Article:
The low-slung Mazda CX-4 is quite a handsome thing, so it’s a shame that it’s currently exclusive to the Chinese market. That might soon change, however – Australian portal CarAdvice has stumbled upon photos of the SUV “coupé” being tested in Melbourne, hinting at the development of a global model.

The silver unit seen here, an entry-level 2.0 litre model, wears a sticker proclaiming that it’s a left-hand drive engineering evaluation vehicle. Although the publication says that it’s not uncommon for carmakers to test Chinese-market cars in Australia, it wouldn’t make sense to conduct further evaluation on a car that’s already been on sale for more than a year, so something is clearly afoot.

Before the CX-4 was launched in China, Mazda Australia’s communications manager at the time, Karla Leach, told CarAdvice, “We like the look of the car, and think that the styling very much is in line with Australian tastes, [but] at the moment it isn’t going to be sold outside of China.” The presence of the test mule Down Under hints that Hiroshima’s stand on the matter could be changing.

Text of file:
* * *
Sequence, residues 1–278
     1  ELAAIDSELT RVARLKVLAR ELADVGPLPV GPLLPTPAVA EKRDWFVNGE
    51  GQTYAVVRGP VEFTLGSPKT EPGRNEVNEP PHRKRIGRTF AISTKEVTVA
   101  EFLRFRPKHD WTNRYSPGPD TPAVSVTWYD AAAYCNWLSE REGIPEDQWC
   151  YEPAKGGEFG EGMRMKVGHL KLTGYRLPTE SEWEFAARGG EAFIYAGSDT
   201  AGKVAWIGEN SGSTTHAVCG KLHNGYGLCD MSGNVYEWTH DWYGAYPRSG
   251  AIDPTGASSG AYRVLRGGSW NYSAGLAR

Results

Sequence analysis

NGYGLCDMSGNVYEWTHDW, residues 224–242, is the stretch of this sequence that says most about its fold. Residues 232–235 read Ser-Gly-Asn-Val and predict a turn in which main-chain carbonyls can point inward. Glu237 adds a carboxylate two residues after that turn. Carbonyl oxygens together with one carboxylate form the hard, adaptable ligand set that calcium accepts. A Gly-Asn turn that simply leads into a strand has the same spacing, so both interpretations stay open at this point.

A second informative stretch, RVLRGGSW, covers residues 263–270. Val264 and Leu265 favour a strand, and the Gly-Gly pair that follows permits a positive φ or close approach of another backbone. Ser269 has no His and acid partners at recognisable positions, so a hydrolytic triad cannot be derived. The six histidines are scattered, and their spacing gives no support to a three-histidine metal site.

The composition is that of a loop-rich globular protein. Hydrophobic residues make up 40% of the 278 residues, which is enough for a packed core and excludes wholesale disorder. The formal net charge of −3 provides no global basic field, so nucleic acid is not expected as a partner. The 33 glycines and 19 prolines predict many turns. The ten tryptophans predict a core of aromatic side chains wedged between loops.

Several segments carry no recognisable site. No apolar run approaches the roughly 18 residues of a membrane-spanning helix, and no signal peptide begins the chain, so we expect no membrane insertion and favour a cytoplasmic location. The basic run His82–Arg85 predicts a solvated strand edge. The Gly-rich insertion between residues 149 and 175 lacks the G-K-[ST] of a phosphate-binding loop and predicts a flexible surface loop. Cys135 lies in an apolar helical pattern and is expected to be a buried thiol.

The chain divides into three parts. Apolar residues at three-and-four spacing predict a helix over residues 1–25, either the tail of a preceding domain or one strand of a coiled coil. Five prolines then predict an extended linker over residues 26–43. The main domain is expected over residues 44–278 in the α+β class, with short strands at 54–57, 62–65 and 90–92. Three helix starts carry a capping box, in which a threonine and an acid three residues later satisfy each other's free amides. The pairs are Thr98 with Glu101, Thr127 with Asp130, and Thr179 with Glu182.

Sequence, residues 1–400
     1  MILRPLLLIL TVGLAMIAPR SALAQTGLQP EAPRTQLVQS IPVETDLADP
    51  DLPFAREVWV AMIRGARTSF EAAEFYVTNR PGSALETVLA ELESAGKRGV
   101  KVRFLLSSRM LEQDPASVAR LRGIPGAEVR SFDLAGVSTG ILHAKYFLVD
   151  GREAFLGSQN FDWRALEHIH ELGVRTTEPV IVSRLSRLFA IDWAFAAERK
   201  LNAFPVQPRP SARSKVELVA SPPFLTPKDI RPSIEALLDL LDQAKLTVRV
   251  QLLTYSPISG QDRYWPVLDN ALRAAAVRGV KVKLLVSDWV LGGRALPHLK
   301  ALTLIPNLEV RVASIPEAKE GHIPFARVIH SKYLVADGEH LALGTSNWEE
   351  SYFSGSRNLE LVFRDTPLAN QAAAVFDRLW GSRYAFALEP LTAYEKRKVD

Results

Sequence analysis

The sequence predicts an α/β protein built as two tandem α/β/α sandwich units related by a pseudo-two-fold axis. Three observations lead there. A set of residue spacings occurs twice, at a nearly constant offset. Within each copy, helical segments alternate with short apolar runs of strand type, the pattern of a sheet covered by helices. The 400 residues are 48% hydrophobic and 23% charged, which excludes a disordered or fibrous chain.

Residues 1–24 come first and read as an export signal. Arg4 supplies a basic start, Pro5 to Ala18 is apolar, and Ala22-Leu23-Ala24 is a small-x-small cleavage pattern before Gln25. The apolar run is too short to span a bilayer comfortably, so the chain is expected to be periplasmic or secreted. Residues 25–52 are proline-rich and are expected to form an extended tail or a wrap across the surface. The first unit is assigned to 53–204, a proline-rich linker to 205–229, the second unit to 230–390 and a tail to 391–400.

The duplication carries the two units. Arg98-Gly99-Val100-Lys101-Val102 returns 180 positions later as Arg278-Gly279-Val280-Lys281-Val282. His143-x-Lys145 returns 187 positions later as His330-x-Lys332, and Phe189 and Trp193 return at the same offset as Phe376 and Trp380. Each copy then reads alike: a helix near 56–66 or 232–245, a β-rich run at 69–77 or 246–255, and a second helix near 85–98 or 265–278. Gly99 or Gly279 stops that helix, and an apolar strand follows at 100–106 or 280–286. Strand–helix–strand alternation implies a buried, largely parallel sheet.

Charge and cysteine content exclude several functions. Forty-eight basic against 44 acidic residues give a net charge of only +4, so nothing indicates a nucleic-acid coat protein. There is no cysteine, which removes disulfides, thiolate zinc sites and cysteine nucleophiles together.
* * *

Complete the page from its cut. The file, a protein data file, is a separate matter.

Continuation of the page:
Measuring 4,633 mm long and 1,535 mm tall, the CX-4 is 78 mm longer and up to 135 mm lower than the outgoing CX-5, but shares that car’s 1,840 mm width and 2,700 mm wheelbase. There are two engine options available – 158 hp/202 Nm 2.0 litre and 192 hp/252 Nm 2.5 litre SkyActiv-G petrol engines, available with six-speed manual (2.0 litre) and automatic transmissions and either front- or all-wheel drive (2.5 litre).

An update for the 2018 model year in August added G-Vectoring Control across the range, plus Smart Brake Support (SBS), Lane Departure Warning System (LDWS), Mazda Radar Cruise Control (MRCC) and High-Beam Control on the range-topping 2.5 litre variant.